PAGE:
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J Proteomics. 2017 Feb 23;155:85-98. doi: 10.1016/j.jprot.2016.12.009. Epub 2016 Dec 29.

Integration of proteomics and metabolomics to elucidate metabolic adaptation in Leishmania.

Author information

1
Institute of Infection, Immunity and Inflammation and Glasgow Polyomics, College of Medical, Veterinary & Life Sciences, University of Glasgow, UK.
2
Department of Cell & Molecular Biology, Faculty of Biotechnology & Biomolecular Sciences, University Putra Malaysia, Malaysia.
3
Institute of Infection, Immunity and Inflammation and Glasgow Polyomics, College of Medical, Veterinary & Life Sciences, University of Glasgow, UK. Electronic address: richard.burchmore@glasgow.ac.uk.

Abstract

Leishmania parasites multiply and develop in the gut of a sand fly vector in order to be transmitted to a vertebrate host. During this process they encounter and exploit various nutrients, including sugars, and amino and fatty acids. We have previously generated a mutant Leishmania line that is deficient in glucose transport and which displays some biologically important phenotypic changes such as reduced growth in axenic culture, reduced biosynthesis of hexose-containing virulence factors, increased sensitivity to oxidative stress, and dramatically reduced parasite burden in both insect vector and macrophage host cells. Here we report the generation and integration of proteomic and metabolomic approaches to identify molecular changes that may explain these phenotypes. Our data suggest changes in pathways of glycoconjugate production and redox homeostasis, which likely represent adaptations to the loss of sugar uptake capacity and explain the reduced virulence of this mutant in sand flies and mammals. Our data contribute to understanding the mechanisms of metabolic adaptation in Leishmania and illustrate the power of integrated proteomic and metabolomic approaches to relate biochemistry to phenotype.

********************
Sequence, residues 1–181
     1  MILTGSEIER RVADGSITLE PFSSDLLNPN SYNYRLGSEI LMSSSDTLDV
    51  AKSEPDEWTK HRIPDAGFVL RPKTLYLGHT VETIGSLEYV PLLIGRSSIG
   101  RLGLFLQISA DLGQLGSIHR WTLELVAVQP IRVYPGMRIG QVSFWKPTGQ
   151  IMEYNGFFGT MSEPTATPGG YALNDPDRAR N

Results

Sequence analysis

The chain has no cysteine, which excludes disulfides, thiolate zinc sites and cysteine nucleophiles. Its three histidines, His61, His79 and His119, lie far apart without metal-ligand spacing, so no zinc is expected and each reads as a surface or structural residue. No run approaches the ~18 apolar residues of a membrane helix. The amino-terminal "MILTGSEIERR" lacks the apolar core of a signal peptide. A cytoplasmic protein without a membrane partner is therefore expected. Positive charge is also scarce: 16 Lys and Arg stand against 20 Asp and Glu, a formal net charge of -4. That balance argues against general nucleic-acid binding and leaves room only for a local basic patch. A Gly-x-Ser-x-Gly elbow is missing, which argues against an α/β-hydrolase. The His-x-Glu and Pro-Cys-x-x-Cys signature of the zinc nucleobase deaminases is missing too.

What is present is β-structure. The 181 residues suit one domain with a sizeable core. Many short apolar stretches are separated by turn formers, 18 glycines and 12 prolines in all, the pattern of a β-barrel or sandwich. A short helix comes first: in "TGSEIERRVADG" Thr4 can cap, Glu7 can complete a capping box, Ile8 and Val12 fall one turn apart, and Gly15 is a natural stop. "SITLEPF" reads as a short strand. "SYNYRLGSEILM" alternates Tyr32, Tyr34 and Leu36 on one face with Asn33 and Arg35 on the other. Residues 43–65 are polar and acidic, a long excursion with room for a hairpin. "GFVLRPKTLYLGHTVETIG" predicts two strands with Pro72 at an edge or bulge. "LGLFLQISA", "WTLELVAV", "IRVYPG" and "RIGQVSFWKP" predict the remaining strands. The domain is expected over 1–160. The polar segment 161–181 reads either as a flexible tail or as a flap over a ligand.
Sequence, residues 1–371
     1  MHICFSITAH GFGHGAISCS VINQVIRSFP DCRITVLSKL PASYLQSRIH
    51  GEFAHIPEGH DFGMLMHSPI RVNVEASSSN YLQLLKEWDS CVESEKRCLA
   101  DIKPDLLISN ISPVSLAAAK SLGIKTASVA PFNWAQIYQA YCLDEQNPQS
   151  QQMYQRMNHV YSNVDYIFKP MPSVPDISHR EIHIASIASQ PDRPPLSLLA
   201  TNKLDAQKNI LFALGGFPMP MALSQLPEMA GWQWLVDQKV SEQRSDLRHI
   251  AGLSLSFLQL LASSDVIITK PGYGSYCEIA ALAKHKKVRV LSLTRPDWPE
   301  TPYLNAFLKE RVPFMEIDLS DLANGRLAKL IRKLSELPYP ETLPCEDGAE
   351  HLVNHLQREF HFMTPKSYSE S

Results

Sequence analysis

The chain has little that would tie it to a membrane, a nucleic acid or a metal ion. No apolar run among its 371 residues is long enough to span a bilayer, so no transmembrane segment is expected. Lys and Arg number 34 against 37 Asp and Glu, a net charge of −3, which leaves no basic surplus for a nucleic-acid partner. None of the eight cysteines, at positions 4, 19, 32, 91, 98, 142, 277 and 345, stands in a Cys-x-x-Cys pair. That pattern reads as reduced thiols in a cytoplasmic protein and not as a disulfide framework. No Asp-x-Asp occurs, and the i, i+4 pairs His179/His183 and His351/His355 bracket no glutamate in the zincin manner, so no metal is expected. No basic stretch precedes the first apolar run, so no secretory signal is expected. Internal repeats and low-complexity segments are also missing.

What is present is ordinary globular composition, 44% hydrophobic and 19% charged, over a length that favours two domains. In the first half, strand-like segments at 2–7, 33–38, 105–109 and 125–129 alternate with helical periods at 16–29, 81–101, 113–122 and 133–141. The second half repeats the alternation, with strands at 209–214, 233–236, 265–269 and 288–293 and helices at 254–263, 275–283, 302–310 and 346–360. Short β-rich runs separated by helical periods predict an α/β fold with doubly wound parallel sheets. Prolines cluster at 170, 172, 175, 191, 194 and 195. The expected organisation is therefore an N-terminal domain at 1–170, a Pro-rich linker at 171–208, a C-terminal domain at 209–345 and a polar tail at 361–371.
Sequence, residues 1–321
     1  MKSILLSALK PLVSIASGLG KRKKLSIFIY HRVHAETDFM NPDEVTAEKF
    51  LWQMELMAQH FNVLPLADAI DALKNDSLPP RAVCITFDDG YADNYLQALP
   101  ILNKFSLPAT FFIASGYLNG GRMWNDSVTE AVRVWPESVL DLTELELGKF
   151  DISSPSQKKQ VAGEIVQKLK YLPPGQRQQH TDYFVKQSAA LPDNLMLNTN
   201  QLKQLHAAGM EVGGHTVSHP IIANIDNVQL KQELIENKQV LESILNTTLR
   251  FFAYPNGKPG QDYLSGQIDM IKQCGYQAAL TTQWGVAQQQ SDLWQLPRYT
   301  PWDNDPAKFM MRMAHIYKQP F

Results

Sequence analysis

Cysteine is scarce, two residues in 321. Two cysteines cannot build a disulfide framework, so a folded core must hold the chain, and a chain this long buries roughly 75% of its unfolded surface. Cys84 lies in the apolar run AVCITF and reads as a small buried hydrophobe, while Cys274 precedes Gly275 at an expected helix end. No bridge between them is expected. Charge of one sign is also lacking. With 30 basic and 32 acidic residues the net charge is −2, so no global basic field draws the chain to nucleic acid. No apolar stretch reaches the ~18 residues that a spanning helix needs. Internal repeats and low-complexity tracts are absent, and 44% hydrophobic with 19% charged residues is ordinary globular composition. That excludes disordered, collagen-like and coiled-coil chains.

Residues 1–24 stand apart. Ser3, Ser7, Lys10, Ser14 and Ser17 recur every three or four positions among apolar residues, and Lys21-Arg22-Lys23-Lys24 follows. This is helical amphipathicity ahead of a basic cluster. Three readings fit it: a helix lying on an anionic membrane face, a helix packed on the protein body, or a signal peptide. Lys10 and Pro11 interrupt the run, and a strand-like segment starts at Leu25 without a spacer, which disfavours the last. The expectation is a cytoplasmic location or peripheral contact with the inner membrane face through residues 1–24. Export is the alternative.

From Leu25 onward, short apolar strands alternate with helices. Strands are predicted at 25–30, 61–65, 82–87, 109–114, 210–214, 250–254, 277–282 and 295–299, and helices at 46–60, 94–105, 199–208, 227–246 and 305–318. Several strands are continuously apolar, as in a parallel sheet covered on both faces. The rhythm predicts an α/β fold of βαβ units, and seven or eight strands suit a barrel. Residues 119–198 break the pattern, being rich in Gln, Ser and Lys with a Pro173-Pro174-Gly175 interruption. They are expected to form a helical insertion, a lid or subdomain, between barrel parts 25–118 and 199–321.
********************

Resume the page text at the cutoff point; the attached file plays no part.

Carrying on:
BIOLOGICAL SIGNIFICANCE:

This paper reports the application of comparative proteomic and metabolomic approaches to reveal the molecular basis for important phenotypic changes Leishmania parasites that are deficient in glucose uptake. Leishmania cause a very significant disease burden across the world and there are few effective drugs available for control. This work shows that proteomics and metabolomics can produce complementary data that advance understanding of parasite metabolism and highlight potential new targets for chemotherapy.

KEYWORDS:

Data integration; Glucose transporter null mutant; Leishmania; Metabolic adaptation; Metabolomics; Proteomics

PMID:
28040509
DOI:
10.1016/j.jprot.2016.12.009
[Indexed for MEDLINE]
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